SAN DIEGO — My friend Stacey Warde, an Army veteran and sometime window washer, also edits a print-only literary journal published from a tool shed in Cayucos, California. His partner in media is a moonlighting taxi driver, and the two men call their joint effort “The Rogue Voice.” It’s the kind of publication whose masthead calls executive staff “outlaws” and contributing writers “agitators.” In the February issue of “Rogue Voice,” Warde started a series of articles on religious life in America by explaining why he quit going to church.
The Episcopalians with whom Warde formerly spent Sunday mornings were, he says, “mostly regular folk who read the Bible, prayed often, [and] believed in God.” Moreover — and to their credit — “They were highly educated, well-read individuals, capable of [having] an intelligent conversation without mentioning Jesus or saying ‘praise the Lord’ every other breath.”
Good on them. But not good enough, apparently, because “Tradition, Scripture, and Reason,” that three-legged stool borrowed from Catholicism by theologians who sided with Henry VIII in his dispute with the pope, was not strong enough to prevent Warde’s unhappy realization that “organized religion tends to exacerbate rather than staunch our proclivity for meanness.”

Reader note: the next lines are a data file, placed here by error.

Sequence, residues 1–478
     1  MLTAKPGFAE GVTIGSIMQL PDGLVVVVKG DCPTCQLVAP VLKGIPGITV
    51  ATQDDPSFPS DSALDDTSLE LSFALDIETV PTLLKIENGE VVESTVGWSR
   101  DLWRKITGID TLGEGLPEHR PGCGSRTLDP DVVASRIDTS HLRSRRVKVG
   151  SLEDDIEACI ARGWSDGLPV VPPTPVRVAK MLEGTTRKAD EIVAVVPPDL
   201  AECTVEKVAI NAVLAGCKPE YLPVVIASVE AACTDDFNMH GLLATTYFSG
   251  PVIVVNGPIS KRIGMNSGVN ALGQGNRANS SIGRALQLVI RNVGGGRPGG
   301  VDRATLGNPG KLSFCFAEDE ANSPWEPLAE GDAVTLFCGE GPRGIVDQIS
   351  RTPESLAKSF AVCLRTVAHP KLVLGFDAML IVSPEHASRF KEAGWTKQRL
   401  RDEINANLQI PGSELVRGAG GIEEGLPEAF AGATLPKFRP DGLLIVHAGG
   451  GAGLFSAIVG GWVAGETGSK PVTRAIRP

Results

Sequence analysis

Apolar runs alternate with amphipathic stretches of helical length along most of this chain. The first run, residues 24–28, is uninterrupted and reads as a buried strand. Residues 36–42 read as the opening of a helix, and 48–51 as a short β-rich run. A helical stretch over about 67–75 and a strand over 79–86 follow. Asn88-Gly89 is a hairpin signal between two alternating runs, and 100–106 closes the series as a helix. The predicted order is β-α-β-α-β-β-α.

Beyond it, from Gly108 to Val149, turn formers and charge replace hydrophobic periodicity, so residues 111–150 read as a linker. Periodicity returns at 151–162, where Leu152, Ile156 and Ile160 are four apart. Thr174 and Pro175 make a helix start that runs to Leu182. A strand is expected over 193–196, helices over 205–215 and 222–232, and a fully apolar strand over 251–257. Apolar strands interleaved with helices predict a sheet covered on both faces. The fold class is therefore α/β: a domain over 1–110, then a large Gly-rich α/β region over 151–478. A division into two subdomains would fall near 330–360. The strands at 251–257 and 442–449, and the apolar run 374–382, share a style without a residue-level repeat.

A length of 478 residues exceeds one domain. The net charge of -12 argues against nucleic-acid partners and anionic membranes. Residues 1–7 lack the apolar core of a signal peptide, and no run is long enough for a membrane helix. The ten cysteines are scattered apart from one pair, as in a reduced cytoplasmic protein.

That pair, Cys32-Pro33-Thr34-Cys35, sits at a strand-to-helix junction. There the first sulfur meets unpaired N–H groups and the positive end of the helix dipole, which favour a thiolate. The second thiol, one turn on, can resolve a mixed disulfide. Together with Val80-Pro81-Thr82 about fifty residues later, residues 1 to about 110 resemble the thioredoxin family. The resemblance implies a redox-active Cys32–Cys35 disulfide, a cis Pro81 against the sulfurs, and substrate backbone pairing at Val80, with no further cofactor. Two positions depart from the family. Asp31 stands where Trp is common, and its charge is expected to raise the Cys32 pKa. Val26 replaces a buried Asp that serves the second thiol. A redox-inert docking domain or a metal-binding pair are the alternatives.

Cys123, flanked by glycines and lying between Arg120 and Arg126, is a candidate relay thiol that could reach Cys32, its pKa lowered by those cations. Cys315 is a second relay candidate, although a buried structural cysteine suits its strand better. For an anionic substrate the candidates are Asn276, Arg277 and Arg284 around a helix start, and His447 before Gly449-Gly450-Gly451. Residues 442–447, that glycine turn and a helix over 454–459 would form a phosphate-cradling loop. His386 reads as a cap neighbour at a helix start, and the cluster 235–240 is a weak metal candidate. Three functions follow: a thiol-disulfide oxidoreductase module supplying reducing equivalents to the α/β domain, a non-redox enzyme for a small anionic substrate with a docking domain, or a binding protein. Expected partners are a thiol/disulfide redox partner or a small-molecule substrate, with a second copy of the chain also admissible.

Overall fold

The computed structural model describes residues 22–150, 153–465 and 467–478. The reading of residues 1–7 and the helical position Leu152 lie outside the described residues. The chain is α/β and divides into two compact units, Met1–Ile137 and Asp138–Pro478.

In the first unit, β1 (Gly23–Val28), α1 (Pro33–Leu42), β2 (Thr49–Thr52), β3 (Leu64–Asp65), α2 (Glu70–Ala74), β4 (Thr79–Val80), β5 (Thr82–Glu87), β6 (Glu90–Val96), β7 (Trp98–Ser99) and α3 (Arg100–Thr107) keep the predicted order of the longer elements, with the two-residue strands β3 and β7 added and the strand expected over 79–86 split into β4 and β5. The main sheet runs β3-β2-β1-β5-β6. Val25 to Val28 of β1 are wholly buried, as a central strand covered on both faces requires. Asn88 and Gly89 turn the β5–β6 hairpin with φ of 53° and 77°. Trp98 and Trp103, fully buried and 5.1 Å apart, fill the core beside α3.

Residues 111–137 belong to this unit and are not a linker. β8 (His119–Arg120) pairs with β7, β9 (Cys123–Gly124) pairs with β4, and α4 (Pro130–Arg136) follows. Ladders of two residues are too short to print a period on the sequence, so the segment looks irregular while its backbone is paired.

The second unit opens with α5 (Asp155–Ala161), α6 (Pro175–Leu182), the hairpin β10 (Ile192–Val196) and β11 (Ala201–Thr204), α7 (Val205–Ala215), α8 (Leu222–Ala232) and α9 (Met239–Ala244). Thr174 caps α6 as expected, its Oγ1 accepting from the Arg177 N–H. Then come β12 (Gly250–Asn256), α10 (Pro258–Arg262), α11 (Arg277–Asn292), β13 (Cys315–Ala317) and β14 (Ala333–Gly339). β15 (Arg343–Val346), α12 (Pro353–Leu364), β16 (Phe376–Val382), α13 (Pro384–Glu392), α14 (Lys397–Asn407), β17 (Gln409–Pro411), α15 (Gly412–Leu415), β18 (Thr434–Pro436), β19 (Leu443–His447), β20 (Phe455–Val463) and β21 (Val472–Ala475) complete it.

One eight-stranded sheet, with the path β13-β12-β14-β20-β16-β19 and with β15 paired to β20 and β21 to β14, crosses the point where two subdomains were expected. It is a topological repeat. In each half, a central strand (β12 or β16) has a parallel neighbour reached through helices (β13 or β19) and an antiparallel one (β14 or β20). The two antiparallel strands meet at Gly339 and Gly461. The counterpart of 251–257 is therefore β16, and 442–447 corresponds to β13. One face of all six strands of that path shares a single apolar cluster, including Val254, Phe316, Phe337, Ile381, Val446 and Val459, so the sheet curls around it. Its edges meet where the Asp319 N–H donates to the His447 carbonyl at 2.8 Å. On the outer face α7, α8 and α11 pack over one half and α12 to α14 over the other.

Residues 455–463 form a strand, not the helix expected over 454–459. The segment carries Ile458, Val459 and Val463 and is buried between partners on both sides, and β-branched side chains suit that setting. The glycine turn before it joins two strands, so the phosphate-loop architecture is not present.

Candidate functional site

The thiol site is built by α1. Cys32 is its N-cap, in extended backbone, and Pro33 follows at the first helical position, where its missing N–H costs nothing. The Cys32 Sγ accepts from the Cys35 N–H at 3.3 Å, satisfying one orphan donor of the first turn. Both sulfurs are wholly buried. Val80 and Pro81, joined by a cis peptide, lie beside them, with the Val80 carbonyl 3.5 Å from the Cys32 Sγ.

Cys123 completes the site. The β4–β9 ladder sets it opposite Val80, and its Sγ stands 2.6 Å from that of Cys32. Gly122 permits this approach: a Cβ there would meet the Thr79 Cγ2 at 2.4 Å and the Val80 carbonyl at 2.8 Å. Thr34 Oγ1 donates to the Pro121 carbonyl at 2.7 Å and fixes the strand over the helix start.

That was the line that told me I’d be writing a response to Warde’s essay. His crossword puzzle vocabulary had perfect table manners, but the assertion behind it threw overcooked spaghetti against one of my favorite walls, adding a meatball or two when it was later rephrased as, “For whatever reason, church of any kind seems often to bring out the worst in people.”
Drawing from personal experience with a small-minded bishop and some fellow churchgoers, Warde slammed skis into the guideposts of faith like Bode Miller flattening course markers on a slalom run in the Italian Alps. “Organized religion, and Christianity in particular, never could tolerate independent seekers, people whose faith can’t be squeezed into an orthodox box, where it can be controlled and manipulated,” Warde wrote.